The Hix in Dartmouth’s Historic Hixville Village
Hixville is a real place, thus Hixville Road.
As a dumb kid, I confused "Hix" with "hicks." A hick, according to the Oxford Dictionary, is defined as "a person who lives in the country, regarded as being unintelligent or provincial."
I assumed Hixville was Hooterville, replete with barefooted hillbillies with farmer jeans and no teeth. That was the worldview of a know-it-all kid from the North End of New Bedford.
Hixville is a village at the crossroads of what we now know as Reed Road, Old Fall River Road, and Hixville Road in North Dartmouth. You've no doubt driven past the white church. The village of Hixville sprung up around that church.
The First Baptist Church, constructed in 1785, was an offshoot of Elder Jacob Hix's church based in Rehoboth. The first pastor was Daniel Hix. The church became known as Hix's Meeting House. It was for Pastor Daniel Hix that Hixville was named.
DartmouthWeek.com reported in 2017 that Quakers and Baptists "were drawn to Dartmouth to escape persecution in nearby Plymouth and Providence, but had to travel to the Rehoboth church for Sabbath services, weddings, and other religious events."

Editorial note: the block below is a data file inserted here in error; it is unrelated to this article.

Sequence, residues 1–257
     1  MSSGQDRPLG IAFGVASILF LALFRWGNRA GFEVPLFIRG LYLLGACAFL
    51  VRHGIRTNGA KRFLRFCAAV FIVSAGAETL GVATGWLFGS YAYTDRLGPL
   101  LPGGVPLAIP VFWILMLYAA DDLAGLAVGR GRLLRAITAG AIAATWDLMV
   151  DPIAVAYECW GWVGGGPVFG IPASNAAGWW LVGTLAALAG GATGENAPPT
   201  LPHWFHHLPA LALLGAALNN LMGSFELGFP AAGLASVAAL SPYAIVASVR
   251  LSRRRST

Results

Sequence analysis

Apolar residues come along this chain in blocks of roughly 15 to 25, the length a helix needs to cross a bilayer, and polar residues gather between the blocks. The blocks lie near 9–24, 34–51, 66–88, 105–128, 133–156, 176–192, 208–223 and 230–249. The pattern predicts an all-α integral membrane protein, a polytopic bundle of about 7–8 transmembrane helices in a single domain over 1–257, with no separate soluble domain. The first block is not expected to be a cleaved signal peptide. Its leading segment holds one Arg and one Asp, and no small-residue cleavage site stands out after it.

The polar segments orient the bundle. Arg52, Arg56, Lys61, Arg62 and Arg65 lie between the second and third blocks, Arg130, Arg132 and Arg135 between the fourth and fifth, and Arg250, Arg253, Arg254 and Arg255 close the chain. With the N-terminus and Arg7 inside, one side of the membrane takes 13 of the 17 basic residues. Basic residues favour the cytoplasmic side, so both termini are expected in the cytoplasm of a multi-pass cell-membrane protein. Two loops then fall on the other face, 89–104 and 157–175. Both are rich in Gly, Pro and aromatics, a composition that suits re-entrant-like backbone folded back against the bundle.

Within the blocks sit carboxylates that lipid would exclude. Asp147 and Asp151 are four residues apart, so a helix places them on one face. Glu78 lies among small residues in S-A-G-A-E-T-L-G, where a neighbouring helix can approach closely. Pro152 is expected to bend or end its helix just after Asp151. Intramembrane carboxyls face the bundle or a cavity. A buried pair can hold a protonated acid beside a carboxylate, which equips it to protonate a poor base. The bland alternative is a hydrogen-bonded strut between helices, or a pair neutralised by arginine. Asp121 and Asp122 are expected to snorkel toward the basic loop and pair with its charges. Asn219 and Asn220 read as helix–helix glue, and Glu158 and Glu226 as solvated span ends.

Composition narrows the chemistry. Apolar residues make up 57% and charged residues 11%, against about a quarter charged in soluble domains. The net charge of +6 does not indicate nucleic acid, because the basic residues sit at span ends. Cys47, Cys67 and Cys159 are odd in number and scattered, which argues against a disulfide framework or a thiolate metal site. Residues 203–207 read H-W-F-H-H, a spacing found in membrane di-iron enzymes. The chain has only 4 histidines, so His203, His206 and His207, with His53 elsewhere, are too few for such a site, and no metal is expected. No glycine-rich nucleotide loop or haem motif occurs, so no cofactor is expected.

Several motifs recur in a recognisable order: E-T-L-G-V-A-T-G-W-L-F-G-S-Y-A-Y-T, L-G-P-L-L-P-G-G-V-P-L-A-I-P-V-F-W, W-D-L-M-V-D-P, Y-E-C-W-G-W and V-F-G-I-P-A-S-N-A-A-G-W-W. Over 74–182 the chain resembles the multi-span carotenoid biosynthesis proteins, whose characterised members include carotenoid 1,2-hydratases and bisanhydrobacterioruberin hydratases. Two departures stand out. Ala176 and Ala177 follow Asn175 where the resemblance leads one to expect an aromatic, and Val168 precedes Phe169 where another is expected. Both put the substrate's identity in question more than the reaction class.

The existing church – the third iteration – was built in 1853. The church is currently known as The First Church of Hixville.
A 2014 Standard-Times article on Hixville examines the village's history and recalls how a stagecoach between Fall River and New Bedford would make routine stops in Hixville.
At one time, there were farms, a two-room schoolhouse, a general store and a hotel in Hixville. Residents skated on nearby Cornell Pond in the wintertime.
Dartmouth was settled by English immigrants in 1652, and the town was incorporated in 1664. Hixville was included on the National Register of Historic Places in 1991.